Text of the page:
Oscar-winning actor Ben Kingsley in Los Angeles on July 9, 2015.(Al Seib / Los Angeles Times)
Mia Sinclair Jenness, left, Mabel Tyler and Gabby Gutierrez alternate playing the title role in the musical adaptation of Roald Dahl’s “Matilda” at the Ahmanson Theatre. The three are shown during a day at Santa Monica Pier on June 16, 2015.(Christina House / For The Times)
American Contemporary Ballet Company members Zsolt Banki and Cleo Magill perform a dance routine originally done by Fred Astaire and Ginger Rogers. This performance was presented as part of “Music + Dance: L.A.” on Friday, June 19, 2015.(Luis Sinco / Los Angeles Times)
Miguel, a Grammy-winning guitarist, producer, singer and lyricist, is photographed in San Pedro on Wednesday, June 10, 2015. His new album “Wildheart,” explores L.A.'s “weird mix of hope and desperation.”(Christina House / For The Times)
Los Angeles-born artist Mark Bradford is photographed in front of “The Next Hot Line.” This piece is part of his show “Scorched Earth,” installed at the Hammer Museum in Westwood, June 11, 2015.(Jay L. Clendenin / Los Angeles Times)
The Los Angeles Opera concluded its season with “The Marriage of Figaro,” with Roberto Tagliavini as Figaro and Pretty Yende as Susanna, at the Dorothy Chandler Pavilion.(Lawrence K. Ho / Los Angeles Times)
“Trinket,” a monumental installation by Newark-born, Chicago-based artist William Pope.L, features an American flag that is 16 feet tall and 45 feet long. The work is on display at the Geffen Contemporary at MOCA through June 28.(Luis Sinco / Los Angeles Times)
Alex Knox, from left, Carolyn Ratteray, Lynn Milgrim and Paige Lindsey White in “Pygmalion” in spring 2015 at the Pasadena Playhouse.(Mariah Tauger / For The Times)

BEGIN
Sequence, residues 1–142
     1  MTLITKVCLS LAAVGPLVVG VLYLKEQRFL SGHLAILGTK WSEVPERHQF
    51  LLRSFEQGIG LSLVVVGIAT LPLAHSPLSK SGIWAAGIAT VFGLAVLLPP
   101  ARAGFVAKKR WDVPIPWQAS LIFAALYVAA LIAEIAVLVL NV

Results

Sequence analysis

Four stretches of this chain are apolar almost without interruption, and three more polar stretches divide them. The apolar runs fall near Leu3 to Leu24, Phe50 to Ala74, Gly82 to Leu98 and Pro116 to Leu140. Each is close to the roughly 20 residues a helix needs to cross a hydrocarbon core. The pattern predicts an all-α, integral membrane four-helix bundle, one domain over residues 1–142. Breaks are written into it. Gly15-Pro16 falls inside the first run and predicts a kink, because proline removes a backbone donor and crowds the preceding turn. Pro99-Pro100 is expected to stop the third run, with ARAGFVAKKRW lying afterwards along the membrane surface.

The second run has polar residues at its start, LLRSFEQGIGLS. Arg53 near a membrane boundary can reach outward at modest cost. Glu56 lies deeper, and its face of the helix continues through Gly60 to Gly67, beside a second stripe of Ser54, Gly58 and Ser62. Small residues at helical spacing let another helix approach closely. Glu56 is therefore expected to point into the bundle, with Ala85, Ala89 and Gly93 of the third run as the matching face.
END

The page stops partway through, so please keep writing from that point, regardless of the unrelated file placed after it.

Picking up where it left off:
On March 17, Google celebrated the addition of more than 5,000 images to its Google Street Art project with a launch party at the Container Yard in downtown Los Angeles.(Michael Robinson Chavez / Los Angeles Times)
Ric Salinas, left, Herbert Siguenza and Richard Montoya, of the three-man Latino theater group Culture Clash, brought their “Chavez Ravine: An L.A. Revival” to the Kirk Douglas Theatre to mark the group’s 30th anniversary. The play ran from Feb. 4 through March 1.(Genaro Molina / Los Angeles Times)
Symbols also appear, particularly 3-D discs and incised circles. Some look like peyote buttons. Others recall wheels, sliced pizzas and sphincters, as well as eyes, sand dollars and circled crosses. Gears grind objects between their stubby teeth. Or their broken forms suggest cosmic clockwork in need of repair.
Coffins show up in the majority of Hawkins’ pieces, either serving as the resting places for strange deities or forming apertures in wall-like expanses on which DIY petroglyphs have been scratched.
Each of Hawkins’ curious clusters of weirdly detailed artifacts has been fastened to an approximately 2-foot-square wood panel around which a simple frame has been hammered.
You feel as if you have stumbled into the storeroom of an archaeologist whose discoveries have not yet been made public, partly because they are unbelievable and partly because Hawkins is having too much fun studying every nook and cranny.
Richard Telles Fine Art, 7300 Beverly Blvd., (323) 965-5579, through Dec. 12. Closed Sundays and Mondays. www.tellesfineart.com and Jenny’s, 4220 Sunset Blvd., (323) 741-8237, through Dec. 12. Closed Sundays, Mondays and Tuesdays. www.jennys.us